In yet another idea that I have to fix Tier 1 and Tier 2 character, I would apply a surtax to each of these characters, all in the idea that similar XP should yield characters of similar power.

A surtax works like this. As you go up in level, you go into XP debt for gaining that level. For example, getting to level 2 would put your into 1000 xp of debt. You must pay off that debt before you begin accumulating experience.

Tier 1 character would gain 2-3x XP debt per level. Tier 2 would gain 1-2x XP debt per level. Debt is always based on the character level gained, not the class level.

Although the math is a bit awkward, it gives the player a single number to track with a minimum of issues. While in XP debt, the caster may not spend XP on item creation as they are too exhausted from increasing their own power.

Monday, February 23, 2015

Fixing the 3.0/3.5/Pathfinder Wizard Through XP Tax

You'd think that fixing a Wizard through using an XP tax would be a simple task. The concept is simple: similar XP should yield similar power. Therefore, all the Tier 2 and Tier 1 classes should cost more XP than the Tier 3 classes. Yet, how do you actually price that correctly, especially when you run into issues of runaway power? If I do this right, I balance the wizard out, but if I do it wrong, I've only created a hassle.

My solution is this: all spells cost experience to cast, the XP cost of which is exactly the same as if the spell had been scribed onto a scroll.

So yeah, the wizard can go crazy casting all the spells that he wants to, if he really wants to, nickle and diming himself. Or maybe he'll want to hold onto his XP, restraining himself voluntarily, just like wizards in the stories do.

This should have the side-effect that wizards will gear themselves to be extra-powerful when they do use their magic, which is good, as a wizard opening up should feel like a nova.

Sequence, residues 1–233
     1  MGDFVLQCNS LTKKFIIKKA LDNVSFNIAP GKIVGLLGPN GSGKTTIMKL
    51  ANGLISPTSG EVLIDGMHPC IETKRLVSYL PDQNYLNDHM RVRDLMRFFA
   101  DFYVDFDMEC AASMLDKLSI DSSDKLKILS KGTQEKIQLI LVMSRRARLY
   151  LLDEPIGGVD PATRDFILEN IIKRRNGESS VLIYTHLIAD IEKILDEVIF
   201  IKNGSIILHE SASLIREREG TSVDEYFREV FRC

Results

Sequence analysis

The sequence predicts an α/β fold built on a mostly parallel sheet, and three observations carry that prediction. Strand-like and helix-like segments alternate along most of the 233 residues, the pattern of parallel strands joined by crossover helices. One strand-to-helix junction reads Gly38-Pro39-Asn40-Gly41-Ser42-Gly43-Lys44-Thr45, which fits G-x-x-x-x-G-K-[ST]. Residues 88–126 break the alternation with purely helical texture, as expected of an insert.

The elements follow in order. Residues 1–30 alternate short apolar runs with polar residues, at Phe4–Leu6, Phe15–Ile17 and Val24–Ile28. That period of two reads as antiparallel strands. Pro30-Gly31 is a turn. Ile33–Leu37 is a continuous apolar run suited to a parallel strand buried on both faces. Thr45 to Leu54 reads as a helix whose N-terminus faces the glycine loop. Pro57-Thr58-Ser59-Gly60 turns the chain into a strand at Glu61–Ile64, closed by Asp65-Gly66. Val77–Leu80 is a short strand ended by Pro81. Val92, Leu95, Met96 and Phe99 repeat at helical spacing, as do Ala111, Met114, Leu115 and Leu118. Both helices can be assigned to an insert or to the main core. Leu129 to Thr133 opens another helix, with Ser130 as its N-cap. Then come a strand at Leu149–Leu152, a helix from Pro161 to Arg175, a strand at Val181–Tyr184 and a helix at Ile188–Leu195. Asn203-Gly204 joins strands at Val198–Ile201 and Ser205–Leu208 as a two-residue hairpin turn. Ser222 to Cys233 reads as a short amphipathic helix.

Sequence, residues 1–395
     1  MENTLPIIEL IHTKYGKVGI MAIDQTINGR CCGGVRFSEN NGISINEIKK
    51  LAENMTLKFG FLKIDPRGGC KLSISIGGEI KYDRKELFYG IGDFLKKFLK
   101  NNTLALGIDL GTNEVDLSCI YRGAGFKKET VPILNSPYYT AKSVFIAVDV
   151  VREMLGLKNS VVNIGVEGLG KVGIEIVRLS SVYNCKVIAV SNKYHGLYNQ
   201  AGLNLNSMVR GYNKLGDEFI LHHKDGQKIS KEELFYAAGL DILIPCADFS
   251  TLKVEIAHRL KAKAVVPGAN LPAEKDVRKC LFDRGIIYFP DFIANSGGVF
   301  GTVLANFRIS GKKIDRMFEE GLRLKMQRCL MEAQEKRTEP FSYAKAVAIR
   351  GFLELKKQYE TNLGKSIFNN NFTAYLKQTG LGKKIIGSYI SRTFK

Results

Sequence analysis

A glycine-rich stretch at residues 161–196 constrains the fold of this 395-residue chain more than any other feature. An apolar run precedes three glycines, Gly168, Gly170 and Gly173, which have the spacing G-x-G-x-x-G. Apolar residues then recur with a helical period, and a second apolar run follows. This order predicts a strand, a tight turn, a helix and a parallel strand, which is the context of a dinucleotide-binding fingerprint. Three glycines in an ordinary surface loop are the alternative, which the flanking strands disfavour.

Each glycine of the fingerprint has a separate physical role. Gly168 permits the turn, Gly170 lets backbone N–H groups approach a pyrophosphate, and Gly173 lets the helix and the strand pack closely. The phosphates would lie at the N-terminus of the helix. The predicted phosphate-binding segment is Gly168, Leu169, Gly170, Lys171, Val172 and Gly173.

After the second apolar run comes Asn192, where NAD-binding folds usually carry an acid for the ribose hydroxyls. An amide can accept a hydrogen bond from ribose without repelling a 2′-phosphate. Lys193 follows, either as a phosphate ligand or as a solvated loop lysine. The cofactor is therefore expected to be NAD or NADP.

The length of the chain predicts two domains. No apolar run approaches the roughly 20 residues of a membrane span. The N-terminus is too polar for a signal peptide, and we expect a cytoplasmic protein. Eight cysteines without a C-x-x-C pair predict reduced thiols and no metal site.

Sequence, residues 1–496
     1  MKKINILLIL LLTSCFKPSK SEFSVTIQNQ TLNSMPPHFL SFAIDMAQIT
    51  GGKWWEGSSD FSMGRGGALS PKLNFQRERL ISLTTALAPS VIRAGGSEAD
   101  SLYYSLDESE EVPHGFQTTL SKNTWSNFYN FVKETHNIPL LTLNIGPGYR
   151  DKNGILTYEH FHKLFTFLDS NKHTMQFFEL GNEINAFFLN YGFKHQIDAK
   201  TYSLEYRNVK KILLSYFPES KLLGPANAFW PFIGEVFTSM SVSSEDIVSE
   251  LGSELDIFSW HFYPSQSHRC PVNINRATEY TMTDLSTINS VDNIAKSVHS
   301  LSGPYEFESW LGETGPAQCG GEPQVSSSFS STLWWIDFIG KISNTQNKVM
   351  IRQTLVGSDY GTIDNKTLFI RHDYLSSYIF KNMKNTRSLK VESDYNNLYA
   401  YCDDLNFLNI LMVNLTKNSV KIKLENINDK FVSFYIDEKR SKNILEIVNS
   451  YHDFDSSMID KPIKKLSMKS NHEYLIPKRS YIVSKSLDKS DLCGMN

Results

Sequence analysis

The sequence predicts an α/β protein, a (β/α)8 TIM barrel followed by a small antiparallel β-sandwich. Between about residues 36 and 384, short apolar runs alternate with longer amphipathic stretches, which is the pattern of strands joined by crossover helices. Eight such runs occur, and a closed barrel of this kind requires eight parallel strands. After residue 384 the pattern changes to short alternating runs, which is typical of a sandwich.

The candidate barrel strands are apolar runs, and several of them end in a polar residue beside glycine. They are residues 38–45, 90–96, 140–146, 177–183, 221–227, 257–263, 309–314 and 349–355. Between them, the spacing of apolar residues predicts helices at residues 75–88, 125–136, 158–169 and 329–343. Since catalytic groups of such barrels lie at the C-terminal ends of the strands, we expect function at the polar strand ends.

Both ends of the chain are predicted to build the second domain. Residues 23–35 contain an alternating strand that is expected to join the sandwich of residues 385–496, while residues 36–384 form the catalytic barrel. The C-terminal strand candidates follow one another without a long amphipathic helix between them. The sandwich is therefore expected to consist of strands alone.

If a wizard doesn't want to attack, he can use his "tactical advice" to give his attack to someone else at a +2 to hit.

Will that work? I have no idea, but it beats the tar out of any other crazy pricing scheme that I can think of.

Soul Historica (Review)

There comes a time in every JPRG where a game must follow slavishly in the footsteps of those games that have come before. Soul Historica is that game. If you closed your eyes and guessed what this game was about, you'd ben 90% right. Classes, fighting, spells, jobs, and all the usual mechanics are there. In addition, most of the usual plot stuff is there: go dungeon delving, repeatedly encounter the same enemies, culminating in an airship and a delve into a timeless space dungeon.

Where this game deviates from routine is in its split path play. Late in the story, you can either follow the BOY or the GIRL. WOOT. My daughter loved that we could switch to having the girl as the lead in the story. While entertaining, the twist didn't really add much to the game.

The whole adventure felt rather lackluster, so much so that I almost abandoned the game. This was no Symphony of the Origin. At the price, it'll keep you distracted for ten hours. If you don't know where to spend your money, spend it on Symphony first.

Saturday, February 21, 2015

A Swiftly Tilting Planet (1978)